How do we know an “assault weapons ban” wouldn’t stop Lanza? Because it didn’t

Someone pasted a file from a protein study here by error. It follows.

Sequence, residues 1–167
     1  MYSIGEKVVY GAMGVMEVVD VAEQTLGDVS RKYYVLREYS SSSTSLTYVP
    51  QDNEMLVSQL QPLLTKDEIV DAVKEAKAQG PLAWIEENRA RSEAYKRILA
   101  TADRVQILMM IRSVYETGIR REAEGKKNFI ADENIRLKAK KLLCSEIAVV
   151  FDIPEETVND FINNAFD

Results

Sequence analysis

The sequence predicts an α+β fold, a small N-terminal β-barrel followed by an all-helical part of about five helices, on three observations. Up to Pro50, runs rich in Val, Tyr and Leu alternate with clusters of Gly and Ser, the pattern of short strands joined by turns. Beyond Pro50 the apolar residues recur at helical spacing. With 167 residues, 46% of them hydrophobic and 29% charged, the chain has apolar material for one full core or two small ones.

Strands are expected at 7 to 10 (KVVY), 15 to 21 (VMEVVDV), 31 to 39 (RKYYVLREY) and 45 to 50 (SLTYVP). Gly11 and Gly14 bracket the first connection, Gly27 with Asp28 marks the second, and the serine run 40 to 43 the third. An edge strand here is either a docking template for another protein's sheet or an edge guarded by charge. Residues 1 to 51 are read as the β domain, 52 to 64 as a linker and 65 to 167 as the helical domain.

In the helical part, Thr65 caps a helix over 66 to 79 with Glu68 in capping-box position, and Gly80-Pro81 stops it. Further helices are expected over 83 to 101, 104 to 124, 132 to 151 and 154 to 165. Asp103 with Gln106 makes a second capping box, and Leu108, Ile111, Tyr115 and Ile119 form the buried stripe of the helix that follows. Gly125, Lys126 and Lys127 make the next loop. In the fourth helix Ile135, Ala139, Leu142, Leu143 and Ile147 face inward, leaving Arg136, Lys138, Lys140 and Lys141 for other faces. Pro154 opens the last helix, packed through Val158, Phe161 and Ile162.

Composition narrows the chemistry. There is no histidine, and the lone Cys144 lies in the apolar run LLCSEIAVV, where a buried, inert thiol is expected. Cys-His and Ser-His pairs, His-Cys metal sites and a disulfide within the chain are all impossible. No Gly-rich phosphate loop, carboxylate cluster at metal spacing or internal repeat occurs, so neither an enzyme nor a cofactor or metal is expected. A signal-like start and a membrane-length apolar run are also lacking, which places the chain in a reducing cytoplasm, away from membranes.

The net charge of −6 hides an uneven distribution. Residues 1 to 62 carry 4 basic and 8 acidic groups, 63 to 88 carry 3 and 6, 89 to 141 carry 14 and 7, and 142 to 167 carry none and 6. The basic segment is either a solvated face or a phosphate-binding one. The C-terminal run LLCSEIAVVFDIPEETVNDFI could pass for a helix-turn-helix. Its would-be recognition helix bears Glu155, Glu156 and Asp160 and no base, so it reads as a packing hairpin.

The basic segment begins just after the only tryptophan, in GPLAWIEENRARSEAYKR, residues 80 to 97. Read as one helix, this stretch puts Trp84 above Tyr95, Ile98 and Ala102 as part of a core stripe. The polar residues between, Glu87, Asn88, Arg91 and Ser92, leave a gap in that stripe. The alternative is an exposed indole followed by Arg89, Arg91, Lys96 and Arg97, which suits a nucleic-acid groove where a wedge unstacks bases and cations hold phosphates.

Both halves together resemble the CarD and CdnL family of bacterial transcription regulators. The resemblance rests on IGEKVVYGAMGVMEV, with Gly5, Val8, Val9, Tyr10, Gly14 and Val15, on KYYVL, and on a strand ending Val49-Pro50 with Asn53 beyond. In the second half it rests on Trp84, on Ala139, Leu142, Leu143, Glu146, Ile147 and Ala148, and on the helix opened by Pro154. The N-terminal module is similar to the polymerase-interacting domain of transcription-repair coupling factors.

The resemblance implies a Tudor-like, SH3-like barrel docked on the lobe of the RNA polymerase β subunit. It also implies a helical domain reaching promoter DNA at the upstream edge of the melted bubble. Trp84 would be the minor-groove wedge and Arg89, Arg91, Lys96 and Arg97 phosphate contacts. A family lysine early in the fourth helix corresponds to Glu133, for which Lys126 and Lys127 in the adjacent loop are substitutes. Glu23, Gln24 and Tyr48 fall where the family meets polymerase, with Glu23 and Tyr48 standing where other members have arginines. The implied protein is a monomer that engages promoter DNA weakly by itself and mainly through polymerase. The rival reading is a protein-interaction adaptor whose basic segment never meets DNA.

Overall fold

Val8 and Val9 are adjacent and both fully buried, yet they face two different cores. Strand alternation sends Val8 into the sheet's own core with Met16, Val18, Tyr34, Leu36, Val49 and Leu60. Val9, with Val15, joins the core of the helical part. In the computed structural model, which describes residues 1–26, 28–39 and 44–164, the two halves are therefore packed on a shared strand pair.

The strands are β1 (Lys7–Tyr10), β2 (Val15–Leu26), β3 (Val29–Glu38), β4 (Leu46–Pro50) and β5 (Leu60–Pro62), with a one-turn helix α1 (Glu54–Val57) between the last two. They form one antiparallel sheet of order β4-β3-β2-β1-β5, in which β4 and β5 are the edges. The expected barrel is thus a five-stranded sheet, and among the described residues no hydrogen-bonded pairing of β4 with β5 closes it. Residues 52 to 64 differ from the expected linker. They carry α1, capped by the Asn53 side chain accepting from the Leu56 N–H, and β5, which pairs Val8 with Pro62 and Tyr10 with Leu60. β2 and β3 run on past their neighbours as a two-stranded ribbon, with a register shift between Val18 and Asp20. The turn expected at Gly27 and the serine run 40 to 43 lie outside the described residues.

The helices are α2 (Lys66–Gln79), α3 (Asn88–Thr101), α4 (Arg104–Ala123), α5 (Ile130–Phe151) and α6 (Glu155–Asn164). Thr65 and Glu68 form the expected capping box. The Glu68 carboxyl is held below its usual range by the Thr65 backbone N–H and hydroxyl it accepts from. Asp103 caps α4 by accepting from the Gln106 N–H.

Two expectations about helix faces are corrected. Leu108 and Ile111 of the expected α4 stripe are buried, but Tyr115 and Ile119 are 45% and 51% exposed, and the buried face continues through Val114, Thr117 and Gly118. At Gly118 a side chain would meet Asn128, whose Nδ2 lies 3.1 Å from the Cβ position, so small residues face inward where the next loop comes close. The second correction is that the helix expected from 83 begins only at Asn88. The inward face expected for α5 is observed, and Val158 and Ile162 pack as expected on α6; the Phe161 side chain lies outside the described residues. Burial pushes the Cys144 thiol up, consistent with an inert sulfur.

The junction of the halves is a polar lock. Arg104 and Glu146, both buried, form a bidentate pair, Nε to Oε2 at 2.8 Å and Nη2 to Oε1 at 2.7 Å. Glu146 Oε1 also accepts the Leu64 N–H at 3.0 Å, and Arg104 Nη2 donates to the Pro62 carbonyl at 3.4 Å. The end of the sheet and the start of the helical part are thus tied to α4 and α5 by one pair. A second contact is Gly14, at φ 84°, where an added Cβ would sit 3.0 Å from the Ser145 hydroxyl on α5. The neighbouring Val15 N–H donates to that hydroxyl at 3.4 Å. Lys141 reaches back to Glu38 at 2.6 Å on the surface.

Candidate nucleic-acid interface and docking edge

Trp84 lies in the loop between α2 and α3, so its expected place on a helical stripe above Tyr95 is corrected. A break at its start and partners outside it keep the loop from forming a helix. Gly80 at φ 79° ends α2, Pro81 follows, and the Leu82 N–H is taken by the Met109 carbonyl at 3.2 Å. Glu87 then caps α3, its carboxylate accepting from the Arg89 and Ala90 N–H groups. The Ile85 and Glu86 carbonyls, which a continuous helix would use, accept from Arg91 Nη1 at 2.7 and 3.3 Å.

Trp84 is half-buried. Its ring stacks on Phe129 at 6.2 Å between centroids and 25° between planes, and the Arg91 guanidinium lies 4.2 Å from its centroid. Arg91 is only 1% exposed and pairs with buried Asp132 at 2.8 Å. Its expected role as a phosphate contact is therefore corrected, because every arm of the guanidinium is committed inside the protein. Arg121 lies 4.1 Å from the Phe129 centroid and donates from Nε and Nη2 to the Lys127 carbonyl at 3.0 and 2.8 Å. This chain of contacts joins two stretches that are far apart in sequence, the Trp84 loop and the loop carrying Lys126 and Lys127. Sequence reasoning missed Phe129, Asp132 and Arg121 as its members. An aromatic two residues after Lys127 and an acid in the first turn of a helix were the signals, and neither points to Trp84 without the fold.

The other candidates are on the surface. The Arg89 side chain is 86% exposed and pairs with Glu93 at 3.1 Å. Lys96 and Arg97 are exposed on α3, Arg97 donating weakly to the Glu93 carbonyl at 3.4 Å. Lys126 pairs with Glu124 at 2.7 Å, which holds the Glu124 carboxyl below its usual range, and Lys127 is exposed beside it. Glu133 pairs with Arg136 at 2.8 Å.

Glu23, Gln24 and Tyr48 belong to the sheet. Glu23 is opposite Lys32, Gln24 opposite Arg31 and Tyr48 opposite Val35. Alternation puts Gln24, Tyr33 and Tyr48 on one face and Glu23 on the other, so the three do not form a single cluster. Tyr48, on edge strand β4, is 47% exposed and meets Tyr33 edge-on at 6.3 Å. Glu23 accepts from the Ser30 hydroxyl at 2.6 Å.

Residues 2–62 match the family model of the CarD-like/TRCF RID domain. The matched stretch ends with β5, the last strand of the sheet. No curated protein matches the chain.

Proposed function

Although Friday’s massacre at Sandy Hook Elementary School has prompted renewed calls for reinstating the federal “assault weapon” ban, we know for a fact that such a law would not have stopped Adam Lanza or made his attack less deadly, because it didn’t. The rifle he used, a .223-caliber Bushmaster M4 carbine, was legal under Connecticut’s “assault weapon” ban, which is similar to the federal law that expired in 2004. Both laws, in addition to listing specifically prohibited models, cover semiautomatic rifles that accept detachable magazines and have at least two out of five features: 1) a folding or telescoping stock, 2) a pistol grip, 3) a bayonet mount, 4) a grenade launcher, and 5) a flash suppressor or threaded barrel designed to accommodate a flash suppressor. The configuration of the rifle used by Lanza, which his mother legally purchased and possessed in Connecticut, evidently was not covered by that definition.